In 2018, Indonesia's forest and land fires caused the emission of 162.6 million tons of greenhouse gases equivalent to CO2 into the earth's atmosphere, and that number jumped to the level of 624.1 million in 2019. However, throughout 2020 emissions fell to 40.2 million tons, and in 2021 until August, the emission was recorded 29.6 million tons.

The Ministry of Environment and Forestry noted that forest and land fires in the past six years have fluctuated with a downward trend. The coverage of forest and land fires cases was respectively 438 thousand ha in 2016, decreased to 165 thousand ha (2017), then increased to 529 thousand ha in 2018. The number significantly jumped to 1.649 million ha in 2019, but decreased to 296 thousand ha in 2020. Until July 2021, fires have ravaged 160 thousand ha of forests and lands. 

Another action taken by the government is policy improvement on deforestation and forest rehabilitation. The step taken by the government is to conduct a moratorium on oil palm plantations. There are no more new permits for the clearing of oil palm plantations on forest areas. This moratorium has been in place since 2016, but has only been confirmed through Presidential Instruction number 8/2018 which is valid for three years. However this moratorium has ended last September, but it is likely to be continued.

It is intended that by 2045 Indonesia will still have 41.1 million ha of primary forest, including 15 million ha on peat land. So, the palm oil moratorium was accompanied by a policy of reforestation of forest areas (on mineral soil) covering ​​500,000--550,000 ha per year, and restoration of peat areas covering ​​300,000 ha per year.

The additional target is the prevention of fires on 1.7 million ha of peat land, some of which are now surrounded by oil palm plantations. Rehabilitation of forests, peat forests, and mangroves is a practical step to store carbon in forest biomass.

Enough? Not yet. In the last four years, the government has also been busy rehabilitating mangrove forests. The target is that by 2024, as many as 630 thousand ha of mangrove areas will be green and lush again. Indonesia is the owner of the largest tropical mangrove forest in the world with a coverage of up to 3.49 million ha.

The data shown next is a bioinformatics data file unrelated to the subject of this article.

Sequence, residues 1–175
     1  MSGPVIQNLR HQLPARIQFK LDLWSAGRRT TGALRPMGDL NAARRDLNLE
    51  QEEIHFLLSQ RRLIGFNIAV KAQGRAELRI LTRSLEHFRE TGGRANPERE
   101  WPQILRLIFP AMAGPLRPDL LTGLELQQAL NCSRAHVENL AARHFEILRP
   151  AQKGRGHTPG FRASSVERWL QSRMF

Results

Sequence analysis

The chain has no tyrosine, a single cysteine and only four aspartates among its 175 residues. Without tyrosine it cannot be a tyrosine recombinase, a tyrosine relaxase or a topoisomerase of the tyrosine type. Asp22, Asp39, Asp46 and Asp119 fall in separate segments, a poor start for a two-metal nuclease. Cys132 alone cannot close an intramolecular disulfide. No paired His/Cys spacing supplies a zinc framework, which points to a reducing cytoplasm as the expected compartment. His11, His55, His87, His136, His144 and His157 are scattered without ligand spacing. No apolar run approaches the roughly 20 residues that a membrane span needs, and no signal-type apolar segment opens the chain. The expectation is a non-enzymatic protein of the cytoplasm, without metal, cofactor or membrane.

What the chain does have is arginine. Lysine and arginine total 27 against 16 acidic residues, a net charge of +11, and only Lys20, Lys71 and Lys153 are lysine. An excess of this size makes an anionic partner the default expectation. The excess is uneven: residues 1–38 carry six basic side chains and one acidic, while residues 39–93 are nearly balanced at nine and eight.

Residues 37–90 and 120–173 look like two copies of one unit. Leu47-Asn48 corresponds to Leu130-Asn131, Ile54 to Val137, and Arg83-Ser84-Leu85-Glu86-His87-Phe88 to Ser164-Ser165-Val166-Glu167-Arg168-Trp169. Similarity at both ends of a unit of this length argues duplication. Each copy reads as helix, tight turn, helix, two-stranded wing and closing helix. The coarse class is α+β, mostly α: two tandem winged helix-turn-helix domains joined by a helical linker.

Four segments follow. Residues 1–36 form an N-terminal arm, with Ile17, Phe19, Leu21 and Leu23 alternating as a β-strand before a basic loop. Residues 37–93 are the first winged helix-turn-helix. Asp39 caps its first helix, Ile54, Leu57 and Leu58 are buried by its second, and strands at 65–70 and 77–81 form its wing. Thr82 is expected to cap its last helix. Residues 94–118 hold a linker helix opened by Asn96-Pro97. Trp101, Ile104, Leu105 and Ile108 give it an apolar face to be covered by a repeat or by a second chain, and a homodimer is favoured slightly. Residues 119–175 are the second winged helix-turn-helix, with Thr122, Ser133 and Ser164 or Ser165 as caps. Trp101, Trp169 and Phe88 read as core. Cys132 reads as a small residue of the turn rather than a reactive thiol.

Apart from the forestry sector, Indonesia is also responding to the issue of climate change by encouraging the electric car and motorcycle industry as well as batteries for automotive.

Appreciation John Kerry

Indonesia's concrete steps to fight climate change, through reforms in the forestry sector, received appreciation from John Kerry, US Vice President in the era of President Barack Obama (2008-2016). John Kerry became a special envoy on Climate Change in the Government of President Joe Biden. He praised the performance of President Jokowi and Minister of Forestry Siti Nurbaya Bakar in tackling climate change.

"Under the leadership of President Jokowi and Minister Siti Nurbaya, Indonesia has made progress in reducing deforestation," said John Kerry, in a video uploaded to Youtube to welcome the annual climate change summit, commonly known as the Conference of the Parties (COP). , which will be held in early November 2021 in Glasgow, Scotland.

He also expressed his appreciation for the mangrove restoration program promoted by Indonesia in the last 4 years. In addition to having a positive impact on reducing carbon emissions, the rehabilitation of forest and mangrove areas, according to John Kerry, is also beneficial in maintaining biodiversity. ''Because Indonesia has high biodiversity,'' he said.

Furthermore, John Kerry also sees Indonesia as a large growing country, a member of the G-20, which has a high commitment to combating climate change. For that reputation, President Joe Biden invited President Jokowi and 10 heads of government in other G-20 countries, to a virtual conference of the Major of Economics Forum (MEF) on Energy and Climate 2021, which was held on September 17, 2021. G-20 countries to unite opinions on crucial issues that will arise at the annual climate change conference.

At the MEF last September, Indonesia joined the US and a number of European Union countries, agreeing on a commitment to reduce methane emissions by 30 percent by 2030. "That commitment will be brought to the 26th Climate Change Conference in Glasgo," said John Kerry.